The Attacks on Caroline Kennedy

There remain many questions regarding the bizarre final hours of Caroline Kennedy’s attempts to be appointed to Hillary Clinton’s Senate seat. The information which has leaked out seems to show an attempt by Governor Paterson to discredit Kennedy when choosing someone else. The New York Times writes:

Indeed, much remains unknown about what happened between Mr. Paterson and Ms. Kennedy, especially in the final days of Mr. Paterson’s selection process. But, based on the public comments and interviews with people involved — who insisted on anonymity because of the sensitivity of the subject — a few essentials are clear:

One of the administration’s central claims to reporters was that Ms. Kennedy had, in the words of a person close to the governor, “a definite tax issue” and “a nanny problem” that “she didn’t want to become public.”

But that story was inaccurate. The governor and his aides now acknowledge that those issues — a tax lien of a few hundred dollars in 1994, and a lapsed visa for a foreign nanny who worked for Ms. Kennedy during the late 1980s — had been resolved years earlier and were never considered disqualifying during the vetting process…

According to advisers to the governor who were involved in the process, the leaks against Ms. Kennedy were coordinated by Judith A. Smith, a consultant who has been acting as the governor’s top communications strategist.

On Jan. 22, the morning after Ms. Kennedy withdrew, Ms. Smith spoke to Mr. Paterson, then went to the governor’s Midtown Manhattan offices, the advisers said.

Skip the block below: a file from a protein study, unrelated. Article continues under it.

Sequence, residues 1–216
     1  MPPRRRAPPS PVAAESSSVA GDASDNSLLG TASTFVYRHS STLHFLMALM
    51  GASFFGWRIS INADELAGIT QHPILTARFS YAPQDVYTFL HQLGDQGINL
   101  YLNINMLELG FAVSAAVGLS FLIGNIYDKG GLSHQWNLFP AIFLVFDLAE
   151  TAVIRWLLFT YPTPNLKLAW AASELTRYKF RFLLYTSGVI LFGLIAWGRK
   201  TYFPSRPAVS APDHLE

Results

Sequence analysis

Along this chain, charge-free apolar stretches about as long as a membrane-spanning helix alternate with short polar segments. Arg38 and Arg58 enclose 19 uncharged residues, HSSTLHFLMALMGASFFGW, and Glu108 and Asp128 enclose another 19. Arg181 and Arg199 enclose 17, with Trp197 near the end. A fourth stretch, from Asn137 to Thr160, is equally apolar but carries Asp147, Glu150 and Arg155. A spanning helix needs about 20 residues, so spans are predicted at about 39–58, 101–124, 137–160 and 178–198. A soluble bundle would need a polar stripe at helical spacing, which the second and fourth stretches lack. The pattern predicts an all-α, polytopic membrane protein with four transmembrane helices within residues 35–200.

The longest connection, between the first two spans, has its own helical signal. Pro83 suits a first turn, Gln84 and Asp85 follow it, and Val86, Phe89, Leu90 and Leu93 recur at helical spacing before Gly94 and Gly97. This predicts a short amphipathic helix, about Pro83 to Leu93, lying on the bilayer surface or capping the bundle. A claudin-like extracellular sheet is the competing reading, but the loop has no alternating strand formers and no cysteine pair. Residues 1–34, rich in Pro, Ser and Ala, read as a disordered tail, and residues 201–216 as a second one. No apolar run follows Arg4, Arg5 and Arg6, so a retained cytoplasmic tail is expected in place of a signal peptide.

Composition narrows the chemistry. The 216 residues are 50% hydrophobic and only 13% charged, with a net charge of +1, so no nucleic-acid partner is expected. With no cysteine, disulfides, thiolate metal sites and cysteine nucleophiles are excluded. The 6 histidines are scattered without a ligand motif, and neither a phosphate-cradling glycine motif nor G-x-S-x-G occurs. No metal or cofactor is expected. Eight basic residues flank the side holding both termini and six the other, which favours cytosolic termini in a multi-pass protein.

There, she told at least two people to call major media outlets around the state. She instructed them to tell reporters that the governor had been dismayed by Ms. Kennedy’s public auditioning for the job, that he never intended to select her as senator, and that the tax and nanny issues had led her to pull out of consideration.

It is not clear how Ms. Smith would have known about those issues; she was not authorized to have access to Ms. Kennedy’s confidential application. Mr. Paterson was briefed on the application’s contents the night of Jan. 21, hours before Ms. Kennedy officially withdrew…

Ms. Kennedy, according to her advisers, had been promised by the governor’s legal counsel that access to her questionnaire would be restricted and that “all legally permissible steps” would be taken to keep the form “strictly confidential” — those words appear in boldface letters atop the document.

The administration also refused to release the information to reporters, saying it was protected by privacy exemptions in the Freedom of Information Law. The state’s Public Officers Law bars an official from releasing “confidential information” in order to “further his personal interests.”

In addition, the administration, in its media blitz, also told reporters that Mr. Paterson had never intended to select Ms. Kennedy.

But in the weeks preceding her withdrawal, Mr. Paterson had been hinting to people in her inner circle, and to some of his own closest allies and friends, that he was set on picking her.

With all the publicity surrounding Caroline Kennedy there was some political risk in turning her down. Paterson seems to have made the decision that he could not turn her down without giving the appearance than there was something in Kennedy’s background which would disqualify her from the post.

I  wonder if Paterson overestimated the risks of choosing someone else and underestimated the risks of attacking Kennedy in this manner. Paterson might have received some opposition for turning down Kennedy in any situation, but there were numerous reasons which could have been cited without resorting to such attacks which most people would have accepted. Many people would understand that Caroline Kennedy might not have been the best choice to be appointed to the Senate. Far fewer understand why Paterson would resort to such attacks on her.

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